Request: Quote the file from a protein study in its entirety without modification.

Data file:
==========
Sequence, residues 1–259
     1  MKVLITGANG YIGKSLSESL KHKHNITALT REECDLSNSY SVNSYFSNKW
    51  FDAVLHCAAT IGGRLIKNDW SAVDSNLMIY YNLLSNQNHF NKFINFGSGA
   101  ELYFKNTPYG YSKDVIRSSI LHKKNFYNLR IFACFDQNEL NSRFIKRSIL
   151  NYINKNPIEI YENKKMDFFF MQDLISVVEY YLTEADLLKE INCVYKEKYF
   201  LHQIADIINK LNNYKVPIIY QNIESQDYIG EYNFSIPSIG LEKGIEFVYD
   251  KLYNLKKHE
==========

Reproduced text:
Sequence, residues 1–259
     1  MKVLITGANG YIGKSLSESL KHKHNITALT REECDLSNSY SVNSYFSNKW
    51  FDAVLHCAAT IGGRLIKNDW SAVDSNLMIY YNLLSNQNHF NKFINFGSGA
   101  ELYFKNTPYG YSKDVIRSSI LHKKNFYNLR IFACFDQNEL NSRFIKRSIL
   151  NYINKNPIEI YENKKMDFFF MQDLISVVEY YLTEADLLKE INCVYKEKYF
   201  LHQIADIINK LNNYKVPIIY QNIESQDYIG EYNFSIPSIG LEKGIEFVYD
   251  KLYNLKKHE